Travel to Ollantaytambo to Machu Picchu
If you choose to go in the morning, the tour agency should have a transfer to pick you up at your hotel as early as 4 AM. It will take you around 1.5 hours to reach Ollantaytambo where you will be able to get the first train up to Machu Picchu at 6 AM.
It will take about 2.5 hours by train to get to Aguas Calientes, a gateway town before Machu Picchu. From here, you can take a bus up (the ticket should be in the envelope given to you by the travel agency prior to your trip) and you should arrive at Machu Picchu by 9 AM.
If you choose to go in the afternoon, it's pretty much the same but you will be leaving at around 9 AM instead and you should be there by around 1 PM.
Outstay the Other Travelers
Don't be surprised if it is crowded in the morning. Most hiking trips arrive in the early morning and leave before the afternoon, that is why I recommend you to outstay the crowds by either staying the entire day or if you don't want to pay for the ticket twice, come in the evening and be the last person to leave Machu Picchu.
There are several things you can do around Machu Picchu to kill time before the evening comes. If you are interested in the history, you can stick to the tour guide which will guide you through the ruin for 2 hours explaining every important detail you want to know about Machu Picchu. Once the tour finish, you will have another 2 - 3 hours left to explore the ruin by yourself.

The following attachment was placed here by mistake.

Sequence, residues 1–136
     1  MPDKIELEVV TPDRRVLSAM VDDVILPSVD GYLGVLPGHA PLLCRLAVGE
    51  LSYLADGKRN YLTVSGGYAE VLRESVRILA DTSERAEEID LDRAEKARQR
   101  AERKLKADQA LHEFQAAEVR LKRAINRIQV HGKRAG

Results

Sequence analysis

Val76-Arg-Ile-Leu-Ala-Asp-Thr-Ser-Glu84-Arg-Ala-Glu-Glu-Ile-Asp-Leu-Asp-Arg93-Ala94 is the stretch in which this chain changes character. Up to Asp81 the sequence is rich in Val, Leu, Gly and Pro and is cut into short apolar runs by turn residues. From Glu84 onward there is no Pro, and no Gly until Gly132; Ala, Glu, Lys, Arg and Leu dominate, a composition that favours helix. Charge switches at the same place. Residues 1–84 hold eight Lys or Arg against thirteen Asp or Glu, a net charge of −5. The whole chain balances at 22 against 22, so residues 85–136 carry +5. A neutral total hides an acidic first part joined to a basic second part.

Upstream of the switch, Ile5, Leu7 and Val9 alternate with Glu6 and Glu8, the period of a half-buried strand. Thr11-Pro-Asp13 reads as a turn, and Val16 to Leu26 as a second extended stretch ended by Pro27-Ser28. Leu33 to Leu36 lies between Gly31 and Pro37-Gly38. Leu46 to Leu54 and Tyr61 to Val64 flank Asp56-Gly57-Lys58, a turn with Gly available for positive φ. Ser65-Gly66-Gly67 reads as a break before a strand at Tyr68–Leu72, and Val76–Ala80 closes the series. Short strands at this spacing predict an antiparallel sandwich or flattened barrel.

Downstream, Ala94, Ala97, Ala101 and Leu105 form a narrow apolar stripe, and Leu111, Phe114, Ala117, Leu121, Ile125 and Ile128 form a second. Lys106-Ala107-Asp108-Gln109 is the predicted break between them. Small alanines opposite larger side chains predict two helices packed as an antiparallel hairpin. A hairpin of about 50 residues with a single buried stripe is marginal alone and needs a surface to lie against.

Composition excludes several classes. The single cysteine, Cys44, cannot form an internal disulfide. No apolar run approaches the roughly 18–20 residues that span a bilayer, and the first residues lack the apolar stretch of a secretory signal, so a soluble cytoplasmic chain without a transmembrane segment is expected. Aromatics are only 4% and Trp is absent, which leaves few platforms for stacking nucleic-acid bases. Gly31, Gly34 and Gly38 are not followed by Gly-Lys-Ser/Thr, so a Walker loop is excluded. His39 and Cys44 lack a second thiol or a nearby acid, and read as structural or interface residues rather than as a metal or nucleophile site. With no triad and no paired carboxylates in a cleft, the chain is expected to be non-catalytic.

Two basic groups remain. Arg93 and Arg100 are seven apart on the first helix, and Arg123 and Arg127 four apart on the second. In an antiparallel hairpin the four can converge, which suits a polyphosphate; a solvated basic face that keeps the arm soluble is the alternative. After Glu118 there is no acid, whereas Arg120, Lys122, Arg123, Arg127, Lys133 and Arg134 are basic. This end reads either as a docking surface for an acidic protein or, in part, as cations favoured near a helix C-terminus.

If you prefer to walk at your own pace, you can excuse the tour, and leave the group to walk around by yourself. The main site can take up to an hour for you to explore the ins and outs of it. The terraces are quite stunning from the bottom so I would recommend you to spend some time around the main site.
Places in the main site that you should not miss are Temple of the Sun, Sacred Plaza, Intihuatana Pyramid, and the Temple of the Condor.
For a nice view of Machu Picchu from afar, hike one hour up the Sun Gate, which is the highest vantage point of Machu Picchu standing at 2,720m above sea-level.
And Be the Last Person to Leave Machu Picchu
Now, the best time to get a nice photo of Machu Picchu is right when the gate is about to close which should be around (4 PM or 5:30 PM depending on which month you are there for) where the ruin is cleared of people and you will have the whole place to yourself. Since the last train leaves at 6 PM, you are the few people that can afford to be the last to leave Machu Picchu. That's when you will get the whole place to yourself.